Despite this relatively high number of randomized controlled trials (the highest for an EE in children), the current management of LGS remains somewhat disappointing. The new drugs finally disclosed moderate efficacy (one-quarter to one-third of responders, less than 4% seizure-free patients), and comparative data are not available. Three of the drugs are associated with potentially severe adverse reactions (aplasia and hepatitis with felbamate, skin rash with lamotrigine, cognitive disorders with topiramate). A need remains for new well-tolerated drugs for LGS.
The prevalence of LGS is considered to be a maximum of 1 per 10,000 that meets the prevalence proposed for an orphan indication. The last new drug, rufinamide, was developed as an orphan drug for LGS in Europe, as clobazam currently is in the United States (this benzodiazepine is commonly prescribed in Europe and Canada as adjunctive therapy in LGS).
Several types of seizures coexist in LGS; each of them may be present in types of epilepsy that are not LGS. Clinical trials in LGS should therefore include EEG features in diagnosis criteria and several seizure types as efficacy endpoints to select the drug appropriate for the epileptic syndrome, as opposed to the current approach, which is based on the seizure type. LGS provided the first attempt to perform a trial dedicated to a specific syndrome, using felbamate in 1993.3
LGS is a recognized distinct medical condition, but one of the more challenging aspects of LGS is the distinction from other childhood epilepsies that might mimic either the EEG or clinical pattern. For example, trying to differentiate LGS from MAE may be highly difficult based on age of onset, seizure type (especially in LGS forms with myoclonic jerks and MAE forms with tonic seizures), and slow spike-and-wave patterns on EEG.8 Only one feature is pathognomonic of LGS, the bursts of rapid (10 Hz) rhythms during slow sleep. However, it has not been required as diagnostic criteria for trials until now, mainly because it needed sleep EEG, which could not be systematically performed. As a result, among the patients included in the LGS trials, some likely matched more closely with MAE than with LGS. Further trials should ideally include this EEG feature, at least for stratifying the analysis on a subgroup of “pure” LGS patients.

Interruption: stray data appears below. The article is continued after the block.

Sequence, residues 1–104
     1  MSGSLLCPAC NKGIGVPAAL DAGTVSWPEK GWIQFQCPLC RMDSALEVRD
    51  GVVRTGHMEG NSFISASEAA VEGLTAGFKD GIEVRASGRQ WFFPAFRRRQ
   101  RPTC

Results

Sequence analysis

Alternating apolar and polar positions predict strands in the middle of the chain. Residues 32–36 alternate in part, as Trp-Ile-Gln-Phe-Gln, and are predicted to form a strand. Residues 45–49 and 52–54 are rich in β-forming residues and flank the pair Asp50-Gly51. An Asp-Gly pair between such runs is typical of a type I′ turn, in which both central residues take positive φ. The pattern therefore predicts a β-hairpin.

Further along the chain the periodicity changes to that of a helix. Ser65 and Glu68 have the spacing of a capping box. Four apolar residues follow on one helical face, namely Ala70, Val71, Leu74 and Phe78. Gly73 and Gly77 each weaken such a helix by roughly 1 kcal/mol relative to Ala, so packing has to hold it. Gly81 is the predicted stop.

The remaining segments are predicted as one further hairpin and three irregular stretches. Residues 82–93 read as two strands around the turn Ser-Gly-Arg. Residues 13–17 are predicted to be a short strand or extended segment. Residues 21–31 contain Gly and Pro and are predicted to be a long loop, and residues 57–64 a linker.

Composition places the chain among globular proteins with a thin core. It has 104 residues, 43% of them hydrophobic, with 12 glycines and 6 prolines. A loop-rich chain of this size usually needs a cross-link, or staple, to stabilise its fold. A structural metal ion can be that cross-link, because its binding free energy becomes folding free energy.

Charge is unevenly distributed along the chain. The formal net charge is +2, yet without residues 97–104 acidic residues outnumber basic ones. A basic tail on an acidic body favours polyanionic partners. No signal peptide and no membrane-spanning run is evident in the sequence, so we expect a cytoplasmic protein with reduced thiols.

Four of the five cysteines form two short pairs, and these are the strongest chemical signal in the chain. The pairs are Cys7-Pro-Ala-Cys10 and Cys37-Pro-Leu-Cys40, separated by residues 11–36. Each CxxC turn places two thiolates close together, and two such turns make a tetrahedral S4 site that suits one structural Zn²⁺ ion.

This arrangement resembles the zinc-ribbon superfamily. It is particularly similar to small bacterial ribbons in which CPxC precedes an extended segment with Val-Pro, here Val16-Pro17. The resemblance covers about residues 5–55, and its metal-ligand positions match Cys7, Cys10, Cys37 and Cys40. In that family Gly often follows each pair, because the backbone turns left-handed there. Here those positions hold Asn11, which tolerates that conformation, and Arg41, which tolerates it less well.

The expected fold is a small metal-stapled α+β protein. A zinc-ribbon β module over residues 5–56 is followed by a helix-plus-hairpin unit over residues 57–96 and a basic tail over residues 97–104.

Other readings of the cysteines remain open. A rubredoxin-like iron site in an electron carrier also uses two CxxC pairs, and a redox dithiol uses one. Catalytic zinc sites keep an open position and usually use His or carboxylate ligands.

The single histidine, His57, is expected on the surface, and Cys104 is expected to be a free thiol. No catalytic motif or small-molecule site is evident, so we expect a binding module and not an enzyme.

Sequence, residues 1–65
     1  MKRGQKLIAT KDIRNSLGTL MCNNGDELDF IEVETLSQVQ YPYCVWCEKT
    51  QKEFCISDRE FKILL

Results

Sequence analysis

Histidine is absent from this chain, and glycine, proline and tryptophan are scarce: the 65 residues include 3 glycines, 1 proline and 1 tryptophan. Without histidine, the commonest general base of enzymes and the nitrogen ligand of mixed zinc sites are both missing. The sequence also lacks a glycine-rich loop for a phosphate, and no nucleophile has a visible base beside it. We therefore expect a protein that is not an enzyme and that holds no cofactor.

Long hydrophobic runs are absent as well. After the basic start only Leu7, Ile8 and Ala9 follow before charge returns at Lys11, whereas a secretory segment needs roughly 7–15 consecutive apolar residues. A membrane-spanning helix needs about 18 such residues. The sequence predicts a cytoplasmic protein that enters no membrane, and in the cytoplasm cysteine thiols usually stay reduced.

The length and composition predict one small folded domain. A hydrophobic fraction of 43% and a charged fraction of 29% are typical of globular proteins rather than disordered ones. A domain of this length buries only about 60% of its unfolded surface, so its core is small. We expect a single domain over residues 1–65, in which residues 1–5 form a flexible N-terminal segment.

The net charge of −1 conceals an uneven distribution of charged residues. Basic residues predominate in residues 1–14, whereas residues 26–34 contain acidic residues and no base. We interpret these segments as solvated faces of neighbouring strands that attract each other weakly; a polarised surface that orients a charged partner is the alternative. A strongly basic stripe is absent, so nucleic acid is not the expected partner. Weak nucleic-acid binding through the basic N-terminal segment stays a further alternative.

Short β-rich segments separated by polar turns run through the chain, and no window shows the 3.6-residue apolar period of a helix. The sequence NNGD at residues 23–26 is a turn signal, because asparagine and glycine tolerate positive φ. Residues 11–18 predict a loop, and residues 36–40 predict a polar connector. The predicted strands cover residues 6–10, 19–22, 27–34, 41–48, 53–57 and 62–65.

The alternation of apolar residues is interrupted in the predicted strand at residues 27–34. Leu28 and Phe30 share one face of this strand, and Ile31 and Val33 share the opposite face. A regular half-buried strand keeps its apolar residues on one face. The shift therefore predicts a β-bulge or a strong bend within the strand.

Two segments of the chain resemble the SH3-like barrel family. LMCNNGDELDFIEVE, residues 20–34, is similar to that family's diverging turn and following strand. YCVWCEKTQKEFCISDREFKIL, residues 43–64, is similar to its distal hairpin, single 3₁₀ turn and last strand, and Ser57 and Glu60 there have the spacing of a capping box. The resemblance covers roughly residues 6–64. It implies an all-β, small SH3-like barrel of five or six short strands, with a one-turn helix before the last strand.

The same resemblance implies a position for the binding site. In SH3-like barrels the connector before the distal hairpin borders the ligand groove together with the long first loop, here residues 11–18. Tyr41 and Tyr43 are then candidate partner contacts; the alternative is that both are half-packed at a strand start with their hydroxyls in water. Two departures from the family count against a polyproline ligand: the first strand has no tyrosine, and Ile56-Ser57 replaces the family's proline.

Another issue is the lack of specific data for the pediatric group in LGS. The trials, which were conducted with felbamate, lamotrigine, and topiramate included both adults and children, but neither the study design nor statistical analysis specifically took into account the pediatric subgroups. Because the syndrome looks different and carries different prognosis in children and in adults, further trials should present the results separately in the two populations, as the last rufinamide trial did.
IS usually occurs between 3 and 8 months of age, with a peak at 4 months. More and more cases have been reported with onset later than 1 year, which seem to be considered separately. Diagnosis lies on the classical triad, which associates a specific type of seizures (epileptic spasms), a specific EEG pattern (hypsarrhythmia), and psychomotor deterioration. In fact, one of the three components may be lacking or be atypical. Epileptic spasms consist of axial contraction in flexion or extension, in clusters that correspond to a large slow wave or to flattening with rapid rhythms on EEG. Spasms may be clinically subtle or even subclinical, particularly at onset of the disease or when they are incompletely controlled, thus making EEG a necessary tool to prove their complete disappearance. The features of spasms may be either symmetric or asymmetric. Video recording is often required for detailed analysis because asymmetry of spasms or a focal discharge combined with them are arguments for a focal cortical lesion to be at the origin of IS. Psychomotor deterioration is usually rapid from epilepsy onset, affecting head control, reaching for objects, defect in visual and auditive attention, and eye–hand coordination.10,11